Cary, N.C. — The Wake County Board of Education's Policy Committee on Tuesday tabled further discussion of how to limit student enrollment at specific schools for the next school year, saying the issue is further proof that the Democrat-controlled board needs to work with the Republican-controlled Board of Commissioners on a bond referendum to build new schools.
About one of three schools in Wake County is over capacity, and the school system has estimated that it needs to build about three schools a year to accommodate the growing student population.
In the short term, school leaders have proposed "caps" on enrollment at specific, desirable schools that would maintain the size of the student body, forcing any new students who move into a school’s traditional geographical draw to go elsewhere.
"We have not developed a strategy to make sure we're building capacity to meet the growth of Wake County," committee Chairman Jim Martin said. "We're going to have to work with commissioners. This isn't a Republican-Democrat issue. This isn't a liberal-conservative issue. This is people moving to Wake County. Students need to go somewhere. If we don't build schools, we'll have more conversations about capping."
But County Commission Chairman Paul Coble has put off any discussion about a potential $1 billion school construction bond after the school board's controversial and politically divisive votes this summer to change the three-year student assignment plan and to fire former Superintendent Tony Tata.
Coble said he wants to see the board prove that it can work together on a new assignment plan, as well as other initiatives, before even considering a school bond.
Under a proposed student assignment plan for the 2013-14 school year – a stop-gap measure until the board can develop a new plan for the 2014-15 school year – about three dozen schools face enrollment caps, which could force children to schools as far as 14 miles away from their homes.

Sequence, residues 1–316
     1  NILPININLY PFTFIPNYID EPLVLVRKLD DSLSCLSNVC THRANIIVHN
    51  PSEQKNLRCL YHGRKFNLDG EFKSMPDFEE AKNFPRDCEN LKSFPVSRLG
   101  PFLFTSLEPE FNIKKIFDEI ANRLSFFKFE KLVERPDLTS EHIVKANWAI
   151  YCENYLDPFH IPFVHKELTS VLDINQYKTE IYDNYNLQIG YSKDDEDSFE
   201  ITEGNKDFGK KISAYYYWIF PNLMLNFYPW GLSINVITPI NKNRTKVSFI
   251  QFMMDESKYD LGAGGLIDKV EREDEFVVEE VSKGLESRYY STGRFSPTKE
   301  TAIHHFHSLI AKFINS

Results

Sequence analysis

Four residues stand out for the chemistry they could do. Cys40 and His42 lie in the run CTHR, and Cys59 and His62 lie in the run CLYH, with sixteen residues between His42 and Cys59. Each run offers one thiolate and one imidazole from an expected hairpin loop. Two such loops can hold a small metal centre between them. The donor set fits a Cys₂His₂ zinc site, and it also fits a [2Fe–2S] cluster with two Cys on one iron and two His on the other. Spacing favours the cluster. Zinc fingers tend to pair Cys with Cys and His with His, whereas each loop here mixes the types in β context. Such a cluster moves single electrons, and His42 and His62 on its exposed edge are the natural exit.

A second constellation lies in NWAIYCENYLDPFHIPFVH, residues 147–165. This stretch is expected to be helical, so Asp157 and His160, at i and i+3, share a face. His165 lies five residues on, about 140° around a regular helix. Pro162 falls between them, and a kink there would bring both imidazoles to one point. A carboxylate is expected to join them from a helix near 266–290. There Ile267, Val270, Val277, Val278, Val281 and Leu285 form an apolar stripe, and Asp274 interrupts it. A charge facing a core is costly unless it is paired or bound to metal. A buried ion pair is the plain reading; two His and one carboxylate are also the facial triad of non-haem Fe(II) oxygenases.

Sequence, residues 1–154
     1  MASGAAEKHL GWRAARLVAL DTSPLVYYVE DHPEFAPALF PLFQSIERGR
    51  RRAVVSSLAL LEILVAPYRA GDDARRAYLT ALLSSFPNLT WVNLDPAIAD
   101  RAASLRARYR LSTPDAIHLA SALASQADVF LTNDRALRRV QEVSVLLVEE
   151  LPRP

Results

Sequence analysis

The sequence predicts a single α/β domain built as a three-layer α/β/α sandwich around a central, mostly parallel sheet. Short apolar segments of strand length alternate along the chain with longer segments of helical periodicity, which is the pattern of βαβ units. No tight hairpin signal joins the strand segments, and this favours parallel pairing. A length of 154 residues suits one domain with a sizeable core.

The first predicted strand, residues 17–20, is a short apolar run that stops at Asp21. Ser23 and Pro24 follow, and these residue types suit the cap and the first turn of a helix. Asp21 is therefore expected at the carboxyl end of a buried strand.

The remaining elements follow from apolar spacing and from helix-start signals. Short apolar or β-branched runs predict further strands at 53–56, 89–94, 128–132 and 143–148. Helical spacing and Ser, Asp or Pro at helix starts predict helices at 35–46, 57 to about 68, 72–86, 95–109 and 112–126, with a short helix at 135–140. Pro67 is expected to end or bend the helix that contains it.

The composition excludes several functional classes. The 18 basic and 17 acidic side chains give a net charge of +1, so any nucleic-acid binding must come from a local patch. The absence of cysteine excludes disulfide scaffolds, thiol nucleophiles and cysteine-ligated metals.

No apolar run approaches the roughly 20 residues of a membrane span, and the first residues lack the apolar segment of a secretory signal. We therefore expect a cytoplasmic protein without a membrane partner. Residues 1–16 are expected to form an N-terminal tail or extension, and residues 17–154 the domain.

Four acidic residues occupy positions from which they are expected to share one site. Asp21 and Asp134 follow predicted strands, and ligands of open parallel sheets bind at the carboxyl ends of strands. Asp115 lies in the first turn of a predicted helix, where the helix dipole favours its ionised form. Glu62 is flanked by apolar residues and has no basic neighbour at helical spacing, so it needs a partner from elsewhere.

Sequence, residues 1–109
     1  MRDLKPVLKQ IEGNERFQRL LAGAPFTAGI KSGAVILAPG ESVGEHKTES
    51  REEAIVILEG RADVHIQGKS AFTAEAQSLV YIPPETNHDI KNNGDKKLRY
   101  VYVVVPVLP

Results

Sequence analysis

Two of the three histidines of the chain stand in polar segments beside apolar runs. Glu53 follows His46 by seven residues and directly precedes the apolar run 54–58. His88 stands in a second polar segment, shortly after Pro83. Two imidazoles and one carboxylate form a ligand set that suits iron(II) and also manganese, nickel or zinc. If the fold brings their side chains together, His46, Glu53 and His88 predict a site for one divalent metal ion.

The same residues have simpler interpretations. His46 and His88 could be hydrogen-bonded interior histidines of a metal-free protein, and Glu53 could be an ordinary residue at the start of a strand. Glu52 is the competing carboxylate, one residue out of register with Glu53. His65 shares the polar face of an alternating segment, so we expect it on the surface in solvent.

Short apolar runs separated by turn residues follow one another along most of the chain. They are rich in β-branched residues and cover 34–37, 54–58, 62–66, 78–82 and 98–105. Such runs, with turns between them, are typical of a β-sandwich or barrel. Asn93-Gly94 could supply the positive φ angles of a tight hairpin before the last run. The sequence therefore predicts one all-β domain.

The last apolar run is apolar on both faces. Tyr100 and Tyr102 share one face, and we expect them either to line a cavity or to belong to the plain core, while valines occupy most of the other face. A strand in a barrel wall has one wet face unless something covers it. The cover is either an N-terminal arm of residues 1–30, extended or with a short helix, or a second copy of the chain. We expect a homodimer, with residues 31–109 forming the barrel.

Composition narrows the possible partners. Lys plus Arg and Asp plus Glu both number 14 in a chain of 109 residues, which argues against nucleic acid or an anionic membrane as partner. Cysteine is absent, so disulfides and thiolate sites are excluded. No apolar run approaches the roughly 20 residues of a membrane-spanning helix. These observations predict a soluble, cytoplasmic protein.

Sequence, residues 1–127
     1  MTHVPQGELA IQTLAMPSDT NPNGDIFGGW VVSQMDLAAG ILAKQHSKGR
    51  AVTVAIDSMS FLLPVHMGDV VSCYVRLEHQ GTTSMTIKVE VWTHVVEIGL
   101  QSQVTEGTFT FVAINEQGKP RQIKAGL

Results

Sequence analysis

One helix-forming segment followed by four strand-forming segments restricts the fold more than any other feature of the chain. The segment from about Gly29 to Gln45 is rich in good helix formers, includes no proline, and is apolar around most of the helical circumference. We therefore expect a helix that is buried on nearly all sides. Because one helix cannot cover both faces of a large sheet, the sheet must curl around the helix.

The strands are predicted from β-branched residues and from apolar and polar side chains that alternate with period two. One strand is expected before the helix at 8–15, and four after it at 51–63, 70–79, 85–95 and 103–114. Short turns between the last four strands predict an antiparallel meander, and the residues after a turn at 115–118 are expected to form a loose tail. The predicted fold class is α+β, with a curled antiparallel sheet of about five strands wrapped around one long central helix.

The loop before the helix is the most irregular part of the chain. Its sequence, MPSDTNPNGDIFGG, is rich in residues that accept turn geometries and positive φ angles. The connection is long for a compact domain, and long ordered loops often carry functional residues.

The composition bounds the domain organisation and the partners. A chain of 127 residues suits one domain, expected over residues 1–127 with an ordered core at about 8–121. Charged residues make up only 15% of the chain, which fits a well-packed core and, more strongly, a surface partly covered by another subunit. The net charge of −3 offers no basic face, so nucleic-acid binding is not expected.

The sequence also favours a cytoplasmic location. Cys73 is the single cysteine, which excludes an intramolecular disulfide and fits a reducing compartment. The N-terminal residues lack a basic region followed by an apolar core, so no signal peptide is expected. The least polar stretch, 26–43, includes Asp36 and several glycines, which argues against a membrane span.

"The issue will be with newcomers and transfer students from charter or private schools," school board member Christine Kushner said. "So we have to be real thoughtful."
Although the assignment proposal would reassign fewer than 1,500 students, capping schools could affect where a lot more go.
How many is unclear.
The school system gets about 7,000 transfer requests every year. In addition, an estimated 3,000 to 5,000 students move into the district each year.
School board members admit that capping a school to new students, while sometimes necessary, is not the best way to handle growth management.
"It's not a good practice," Martin said. "It's not something we want to do long-term."
One possible solution for next year is different levels of capping to help ease overcrowding.
For example, the system might reserve seats in a crowded school for students who live in the base-assignment area, but it would close enrollment to others students.
"So, when we see a school at 105 percent capacity, maybe we sound the alarms then and say, 'OK, we really can't allow a lot of people to come in due to various reasons, like transfers, etc., but, if you happen to live in the school base area, we’ve still got room for a few more,'" board member John Tedesco said.
It's a complex issue, he added, with 169 schools and about 150,000 students.
"We just want to make sure the rules are clear to the public and clear as to how we manage who and where gets capped," he said.